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Restating the question: If I were flying over a 2 dimensional world, at a constant altitude, how would I patch those images together?

I'm using some tools right now that assume I'm doing a panorama ("AutoStitch", works for 2 images sort of) or am taking real aerial photos ("MapTiler") and thus somehow screw this up for me. That "somehow" is, I think, the coordinate reference system (CRS) being used by those programs as the model for patching those images together.

The algorithms that use image recognition to patch the photos together are being misinformed in these latter two programs. The first one, AutoStitch works wonderfully for 2-3 images compared with other programs I've used. I can't actually get MapTiler to work, but it appears to be for real aerial mosaic patching. I need one for a 2D world at constant zoom ("altitude").

Thanks

BOUNTY UPDATE: StackExchange is only allowing me to keep this bounty offer up for 2 more days as of Monday night. I do not have a workable answer yet.

EDIT: To imagine what exactly it is I'm trying to do, consider this. You have a very high resolution image that takes up multiple monitors, you take screenshots of the the different areas of the photo and then want to stitch them together. Its purely rectilinear, no curvature. all 90 degrees down same zoom/distance.

  • Sounds like you need something that will do affine transformations of photos. There's no such thing as a flat world, and even on a flat, local spatial rectangular coordinate system the images have to be transformed. – Wes Jul 29 '14 at 17:39
  • Also, is this the kind of thing you're talking about? I happened to stumble across it just now: designobserver.com/feature/… – Wes Jul 29 '14 at 18:05
  • @Wes, I'm not sure if you're trying to help me or not, but yes, a transformation would occur. I'd prefer EPSG:2264 but any rectilinear projection would work. In the US these interactive GIS maps typically use feet as units and the NAD Stateplane projection. Either than or WGS, but I think the rectilinear is more common. – boulder_ruby Jul 30 '14 at 17:22
  • 2
    The "flat world at constant elevation" bit is confusing to me. Can you say what the actual data source is (e.g. some kind of simulation, real data)? – BradHards Mar 19 '15 at 7:56
  • As radouxju's answer starts to get into, the problem is there's two different things going on. Your assumptions in the question might take care of the ground part of things, but software like AutoStitch you're looking at focuses on the other part - the camera/perspective distortion. From a camera distortion point of view, there is no coordinate reference system (besides the local pixel grid). There are all kinds of considerations about overlap and such to get a 'flat' image. Relating that to the earth is ortho-rectification. With that done, 'stitching' or mosaicking is a lot easier. – Chris W Mar 20 '15 at 22:30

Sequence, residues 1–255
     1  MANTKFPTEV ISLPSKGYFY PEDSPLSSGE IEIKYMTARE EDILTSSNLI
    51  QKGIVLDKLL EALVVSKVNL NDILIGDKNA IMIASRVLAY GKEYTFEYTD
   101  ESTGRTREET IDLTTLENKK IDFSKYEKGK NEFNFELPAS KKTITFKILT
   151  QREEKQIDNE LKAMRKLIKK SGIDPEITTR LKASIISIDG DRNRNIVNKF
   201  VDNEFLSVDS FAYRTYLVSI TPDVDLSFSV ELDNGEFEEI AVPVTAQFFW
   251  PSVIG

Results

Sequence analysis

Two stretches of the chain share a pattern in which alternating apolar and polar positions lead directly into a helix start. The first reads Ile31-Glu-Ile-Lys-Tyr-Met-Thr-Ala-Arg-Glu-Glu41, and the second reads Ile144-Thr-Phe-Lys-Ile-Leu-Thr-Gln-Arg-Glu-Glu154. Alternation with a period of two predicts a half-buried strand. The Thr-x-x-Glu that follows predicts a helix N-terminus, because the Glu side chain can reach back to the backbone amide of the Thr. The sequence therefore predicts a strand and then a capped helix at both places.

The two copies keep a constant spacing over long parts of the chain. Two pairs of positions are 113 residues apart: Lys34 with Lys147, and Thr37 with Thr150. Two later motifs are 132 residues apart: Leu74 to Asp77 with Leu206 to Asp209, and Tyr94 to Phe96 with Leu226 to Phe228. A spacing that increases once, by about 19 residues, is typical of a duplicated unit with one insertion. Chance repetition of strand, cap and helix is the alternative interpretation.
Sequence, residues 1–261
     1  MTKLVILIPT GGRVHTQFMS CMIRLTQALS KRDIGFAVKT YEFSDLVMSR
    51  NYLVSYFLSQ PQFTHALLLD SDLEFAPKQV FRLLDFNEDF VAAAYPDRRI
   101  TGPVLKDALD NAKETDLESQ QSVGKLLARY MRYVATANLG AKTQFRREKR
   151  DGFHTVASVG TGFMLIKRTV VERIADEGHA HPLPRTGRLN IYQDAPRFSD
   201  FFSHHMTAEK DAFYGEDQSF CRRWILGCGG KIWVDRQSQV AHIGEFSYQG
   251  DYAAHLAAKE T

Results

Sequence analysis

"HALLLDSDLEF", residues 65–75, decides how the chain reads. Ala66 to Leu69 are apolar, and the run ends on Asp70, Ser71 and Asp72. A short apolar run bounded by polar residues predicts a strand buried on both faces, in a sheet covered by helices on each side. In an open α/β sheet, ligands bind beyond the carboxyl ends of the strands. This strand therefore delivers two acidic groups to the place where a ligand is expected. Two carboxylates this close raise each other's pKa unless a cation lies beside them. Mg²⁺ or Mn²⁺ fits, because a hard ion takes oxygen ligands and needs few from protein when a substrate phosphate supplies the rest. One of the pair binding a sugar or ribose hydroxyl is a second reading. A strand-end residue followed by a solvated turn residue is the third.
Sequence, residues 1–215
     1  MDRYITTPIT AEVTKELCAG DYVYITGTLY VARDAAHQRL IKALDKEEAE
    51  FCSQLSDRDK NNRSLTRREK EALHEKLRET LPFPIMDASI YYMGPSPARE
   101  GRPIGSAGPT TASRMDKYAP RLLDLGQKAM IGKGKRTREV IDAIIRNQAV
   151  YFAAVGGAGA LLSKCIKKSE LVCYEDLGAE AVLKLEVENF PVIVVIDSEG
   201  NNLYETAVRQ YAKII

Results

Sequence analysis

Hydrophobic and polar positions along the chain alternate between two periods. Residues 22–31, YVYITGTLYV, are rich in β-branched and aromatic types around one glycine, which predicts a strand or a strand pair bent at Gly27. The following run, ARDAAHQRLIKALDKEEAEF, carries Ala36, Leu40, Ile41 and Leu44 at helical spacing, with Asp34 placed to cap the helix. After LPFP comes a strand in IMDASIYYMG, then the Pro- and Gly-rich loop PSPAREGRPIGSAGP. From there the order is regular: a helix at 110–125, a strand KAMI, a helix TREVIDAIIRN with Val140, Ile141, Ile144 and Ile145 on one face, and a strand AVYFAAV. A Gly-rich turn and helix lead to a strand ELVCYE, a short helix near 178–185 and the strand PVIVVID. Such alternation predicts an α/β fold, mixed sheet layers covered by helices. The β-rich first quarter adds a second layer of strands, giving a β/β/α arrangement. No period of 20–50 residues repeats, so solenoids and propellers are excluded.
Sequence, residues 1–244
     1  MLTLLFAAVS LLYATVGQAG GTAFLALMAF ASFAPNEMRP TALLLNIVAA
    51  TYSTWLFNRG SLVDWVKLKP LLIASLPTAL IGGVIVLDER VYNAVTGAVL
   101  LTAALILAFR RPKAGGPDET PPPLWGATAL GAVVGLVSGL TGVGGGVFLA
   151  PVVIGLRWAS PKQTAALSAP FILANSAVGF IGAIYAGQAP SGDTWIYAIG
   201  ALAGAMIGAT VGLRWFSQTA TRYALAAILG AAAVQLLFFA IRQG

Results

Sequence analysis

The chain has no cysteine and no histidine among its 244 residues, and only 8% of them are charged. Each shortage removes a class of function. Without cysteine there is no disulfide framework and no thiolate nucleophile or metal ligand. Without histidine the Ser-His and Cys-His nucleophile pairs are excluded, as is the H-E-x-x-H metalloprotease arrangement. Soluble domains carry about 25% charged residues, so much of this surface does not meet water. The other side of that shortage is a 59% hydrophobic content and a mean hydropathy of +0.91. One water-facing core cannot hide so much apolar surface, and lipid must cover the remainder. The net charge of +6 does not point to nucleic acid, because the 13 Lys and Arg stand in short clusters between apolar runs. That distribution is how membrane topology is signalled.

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Have you tried looking at a software package like pix4dmapper? There is a free trial available with a fair amount of functionality called pix4dmapper discovery: https://pix4d.com/download/

I use this software a lot for mosaicing UAV acquired imagery and it may be worth your while to give it a shot.

For images without georeferencing, you could look at Microsoft ICE (Image Composite Editor): http://research.microsoft.com/en-us/um/redmond/projects/ice/

There are 32 and 64-bit versions available. I have used it to successfully stich aerial images from visual and thermal sensors. Perhaps this may be an option for your project.

  • I've used Microsoft's ICE program before I think. Its only for panoramic images in real life, does work for small image areas but once it gets to big it makes some assumptions that are just wrong and ends up very distorted. Maybe its been updated though, I'll try it out thanks – boulder_ruby Mar 23 '15 at 20:24
  • The ICE program only works with panoramas (3D radial/concave single POV perspectives versus 2D 90 degree straight down snapshots). I haven't been able to get the pix4dmapper program running because I don't have an internet connected windows pc but I'll try to do that soon. – boulder_ruby Mar 24 '15 at 3:44
  • I'm sorry that didn't work for you. I had used it successfully with imagery acquired close to nadir, but that was also real-world imagery. Pix4dmapper is very powerful software, but it works best with geolocated images and is more on the orthorectification / photogrammetric side of image processing. I fear that it may not be as suited to your project as I had hoped. Good luck. – Jordan Walker Mar 25 '15 at 4:19
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This sounds like an image registration followed by a mosaicing procedure to me. There are a few ways but here's 2 that I'll do:

1) Use Ground control points (same location across different photos) and then link them together. This linking can be done in a GIS software or MATLAB(imregister). This is somewhat a manual approach of doing things.

2) Use an image processing method to identify similar features on multiple photos, such as intensity/contrast based detection. This is more automated.

Following these, perform the mosaicing either on GIS or MATLAB or software with similar functions.

Also search, Image Mosaic using SURF features to combine both into one.

  • First I need to merge the photos into one (the subject of this question). Then I'd use GCP's to georeference it yes (something I'm already capable of doing). – boulder_ruby Mar 23 '15 at 20:45
  • This looks like a matlab plugin? Are there any GUI &/or automated tools built on top of this that would make it easier to use? – boulder_ruby Mar 24 '15 at 3:41
  • @boulder are you referring to image registration or mosaicing? – Corse Mar 24 '15 at 4:14
  • mosaic-ing --- not sure what image registration is – boulder_ruby Mar 24 '15 at 23:07
  • @boulder_ruby if you are taking multiple photos of a similar location, you would need the register them together. Typically, if they are georeferenced, they can be mosaic straightaway. Or else, you would need to either georeference them first, or do the registration via a image registration method. if you would like, you could send me a couple of photos and I'll illustrate what i mean – Corse Mar 25 '15 at 2:49
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+100